We actually didn’t go out on dates much, in fact, I can’t remember that we ever did. We spent time together when we could during the school days and whenever there was a school entertainment function. Mostly in those cases we would just meet at the school and that was about as near to a date as we had. As I remember I did go to her house and pick her up a few times also. And I went to her house on Sunday a few times and we just spent time together there. I didn’t have money to spend on dates and she understood that. She didn’t seem to expect me to spend money on her. Anyway she made me a happy man during that school year and the following summer. When school was out and I didn’t see her every day it seemed to taper off between us. I still tried to see her on Sunday but sometimes she had other plans and I wouldn’t see her for two or three weeks. My feelings for her never diminished but her feelings for me seemed to taper off although we did continue to see each other until she went to college that fall.
She went to the University of Idaho at Moscow and I didn’t have money to go to college at all so I stayed home and that was the end of our romance. She eventually married someone she met there at the university and he eventually became a professor at the University of Michigan. The last I heard of her, which was in 1974, that is where she was.
It was probably a blessing to me that it did end between her and me because, although she was a very nice girl and very sweet and charming she was not L.D.S. If she had been sufficiently interested in me to want marriage I’m not sure I had the strength of testimony at that time that I could have resisted the temptation to marry outside the church. I could have blown my entire salvation. So I do see it as a blessing that it came to an end when it did but it was nice while it lasted and it took me a long time to get over her. What it finally took was to meet another girl.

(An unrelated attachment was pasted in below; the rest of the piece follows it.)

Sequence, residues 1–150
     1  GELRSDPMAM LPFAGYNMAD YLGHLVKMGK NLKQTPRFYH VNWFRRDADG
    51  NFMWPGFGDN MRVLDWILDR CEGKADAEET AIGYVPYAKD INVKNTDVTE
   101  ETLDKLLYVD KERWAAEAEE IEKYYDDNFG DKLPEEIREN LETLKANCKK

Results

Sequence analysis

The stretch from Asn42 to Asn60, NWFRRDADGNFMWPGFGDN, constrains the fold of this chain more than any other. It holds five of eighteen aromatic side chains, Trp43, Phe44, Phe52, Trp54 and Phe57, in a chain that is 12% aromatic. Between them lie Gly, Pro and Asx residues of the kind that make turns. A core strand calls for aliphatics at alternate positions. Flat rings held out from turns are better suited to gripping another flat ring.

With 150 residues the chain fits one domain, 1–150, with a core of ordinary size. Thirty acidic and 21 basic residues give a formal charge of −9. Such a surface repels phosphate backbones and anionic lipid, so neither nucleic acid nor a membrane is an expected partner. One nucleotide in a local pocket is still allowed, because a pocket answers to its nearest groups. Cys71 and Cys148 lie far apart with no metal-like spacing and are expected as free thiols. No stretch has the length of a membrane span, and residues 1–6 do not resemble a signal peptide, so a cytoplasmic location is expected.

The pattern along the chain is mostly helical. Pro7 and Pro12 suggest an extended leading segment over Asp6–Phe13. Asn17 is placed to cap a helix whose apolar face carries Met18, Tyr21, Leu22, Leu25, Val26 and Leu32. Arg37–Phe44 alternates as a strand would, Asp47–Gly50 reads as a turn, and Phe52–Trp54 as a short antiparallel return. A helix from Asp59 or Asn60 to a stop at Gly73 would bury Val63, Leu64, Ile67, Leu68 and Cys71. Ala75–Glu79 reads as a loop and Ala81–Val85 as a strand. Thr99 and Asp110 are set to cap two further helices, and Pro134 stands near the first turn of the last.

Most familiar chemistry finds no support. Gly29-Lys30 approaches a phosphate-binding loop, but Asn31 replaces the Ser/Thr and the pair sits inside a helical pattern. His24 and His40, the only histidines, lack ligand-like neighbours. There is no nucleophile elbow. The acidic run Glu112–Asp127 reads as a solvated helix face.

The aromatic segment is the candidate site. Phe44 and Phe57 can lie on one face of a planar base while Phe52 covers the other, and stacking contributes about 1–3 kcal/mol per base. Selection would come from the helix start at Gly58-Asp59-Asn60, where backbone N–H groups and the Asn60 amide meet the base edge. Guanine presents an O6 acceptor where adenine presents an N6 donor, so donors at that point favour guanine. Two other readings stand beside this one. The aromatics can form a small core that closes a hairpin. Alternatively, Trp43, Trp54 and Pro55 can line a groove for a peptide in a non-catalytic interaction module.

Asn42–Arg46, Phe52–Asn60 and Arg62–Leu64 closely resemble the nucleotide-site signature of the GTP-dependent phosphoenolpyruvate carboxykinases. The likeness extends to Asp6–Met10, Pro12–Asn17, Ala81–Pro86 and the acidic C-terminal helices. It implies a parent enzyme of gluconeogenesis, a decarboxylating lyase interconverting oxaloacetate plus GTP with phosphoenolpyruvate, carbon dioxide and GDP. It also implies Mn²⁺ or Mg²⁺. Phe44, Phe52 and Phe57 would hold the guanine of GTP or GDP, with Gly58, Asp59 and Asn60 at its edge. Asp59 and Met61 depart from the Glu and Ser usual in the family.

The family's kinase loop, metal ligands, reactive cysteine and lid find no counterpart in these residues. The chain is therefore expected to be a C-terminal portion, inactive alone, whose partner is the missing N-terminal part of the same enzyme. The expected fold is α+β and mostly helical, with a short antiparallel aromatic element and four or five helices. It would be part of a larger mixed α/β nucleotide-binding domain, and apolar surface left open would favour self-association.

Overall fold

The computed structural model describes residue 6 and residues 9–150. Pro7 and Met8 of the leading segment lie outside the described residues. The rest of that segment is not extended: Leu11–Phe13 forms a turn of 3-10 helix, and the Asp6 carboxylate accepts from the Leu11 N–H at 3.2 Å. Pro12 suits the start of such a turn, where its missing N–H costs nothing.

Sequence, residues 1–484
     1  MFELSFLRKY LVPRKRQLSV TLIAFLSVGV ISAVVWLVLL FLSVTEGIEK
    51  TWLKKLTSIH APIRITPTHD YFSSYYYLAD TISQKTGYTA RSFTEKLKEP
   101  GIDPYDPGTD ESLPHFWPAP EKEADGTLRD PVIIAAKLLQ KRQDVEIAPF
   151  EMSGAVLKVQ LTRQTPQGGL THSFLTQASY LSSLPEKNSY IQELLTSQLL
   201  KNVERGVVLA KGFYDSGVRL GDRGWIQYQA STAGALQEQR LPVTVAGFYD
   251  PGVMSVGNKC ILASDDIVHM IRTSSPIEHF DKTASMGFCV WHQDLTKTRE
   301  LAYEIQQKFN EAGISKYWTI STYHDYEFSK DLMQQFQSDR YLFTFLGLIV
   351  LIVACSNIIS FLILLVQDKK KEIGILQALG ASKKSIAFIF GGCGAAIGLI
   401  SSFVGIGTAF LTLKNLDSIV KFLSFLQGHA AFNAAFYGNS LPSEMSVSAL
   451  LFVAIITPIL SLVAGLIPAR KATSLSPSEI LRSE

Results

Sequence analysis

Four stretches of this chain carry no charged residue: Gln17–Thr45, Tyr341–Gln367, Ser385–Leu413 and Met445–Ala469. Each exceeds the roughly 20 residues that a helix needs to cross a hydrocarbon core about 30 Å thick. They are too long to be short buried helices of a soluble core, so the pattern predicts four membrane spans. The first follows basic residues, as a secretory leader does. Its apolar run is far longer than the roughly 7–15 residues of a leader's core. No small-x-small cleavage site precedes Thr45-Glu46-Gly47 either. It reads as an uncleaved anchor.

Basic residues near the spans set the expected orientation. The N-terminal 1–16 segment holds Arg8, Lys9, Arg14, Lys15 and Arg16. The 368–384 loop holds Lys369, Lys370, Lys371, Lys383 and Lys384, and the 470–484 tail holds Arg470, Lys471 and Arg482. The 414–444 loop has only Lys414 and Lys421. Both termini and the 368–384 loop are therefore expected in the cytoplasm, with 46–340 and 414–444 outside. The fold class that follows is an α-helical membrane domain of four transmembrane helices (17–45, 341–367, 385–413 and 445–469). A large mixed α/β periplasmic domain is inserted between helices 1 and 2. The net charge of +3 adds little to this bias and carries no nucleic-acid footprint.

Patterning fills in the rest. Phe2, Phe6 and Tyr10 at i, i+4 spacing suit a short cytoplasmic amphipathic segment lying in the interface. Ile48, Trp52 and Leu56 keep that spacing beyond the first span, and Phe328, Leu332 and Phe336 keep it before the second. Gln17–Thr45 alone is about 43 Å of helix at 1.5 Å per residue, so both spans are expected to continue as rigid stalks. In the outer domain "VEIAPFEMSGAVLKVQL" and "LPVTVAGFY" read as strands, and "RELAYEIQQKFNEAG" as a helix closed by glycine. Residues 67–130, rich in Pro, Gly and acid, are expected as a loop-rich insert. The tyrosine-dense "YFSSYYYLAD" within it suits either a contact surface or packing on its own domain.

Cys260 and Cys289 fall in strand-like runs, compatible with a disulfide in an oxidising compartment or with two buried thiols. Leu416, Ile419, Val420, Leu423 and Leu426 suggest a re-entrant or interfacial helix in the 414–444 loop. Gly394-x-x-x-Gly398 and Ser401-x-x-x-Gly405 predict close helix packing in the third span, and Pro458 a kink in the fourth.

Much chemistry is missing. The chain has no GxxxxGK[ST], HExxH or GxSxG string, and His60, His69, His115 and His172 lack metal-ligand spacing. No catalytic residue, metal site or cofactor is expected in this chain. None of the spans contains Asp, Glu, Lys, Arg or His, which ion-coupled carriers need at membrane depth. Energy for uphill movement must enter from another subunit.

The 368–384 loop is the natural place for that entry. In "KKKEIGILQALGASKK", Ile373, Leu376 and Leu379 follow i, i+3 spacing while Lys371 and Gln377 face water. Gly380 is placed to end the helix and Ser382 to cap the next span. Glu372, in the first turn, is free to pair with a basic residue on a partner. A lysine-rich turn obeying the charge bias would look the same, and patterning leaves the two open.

It was during that last year in high school that I joined the National Guard. There was a unit in Buhl called Company D of the 116th Engineers of the Idaho National Guard. Several of the boys in high school belonged to it and they talked about going to drill and I got the urge to go with them so I did. They had drill for two or three hours in the evening one night each week and then they had a two week camp in the summer.
In those days men were working for a dollar a day and working ten hour days so a dollar for two or three hours seemed like big pay. A problem with it was that they only had a payday once every three months. But when we did get paid it was twelve or thirteen dollars and that was big money. Besides the money I rather enjoyed the drills and the association with the other guys and the friends I made. The National Guard was another highlight of those years that made them a good time in my life.
I was in the National Guard for three years. That is how long the enlistment was for. We went to camp two weeks each summer and I am not sure which year we went to which camp. There was a camp in Boise, Idaho, where the Idaho National Guard normally went to camp, but one year we went to Fort Lewis, Washington. As near as I can remember we went to Boise the first year, 1937, Fort Lewis the second year, 1938, and Boise again in 1939.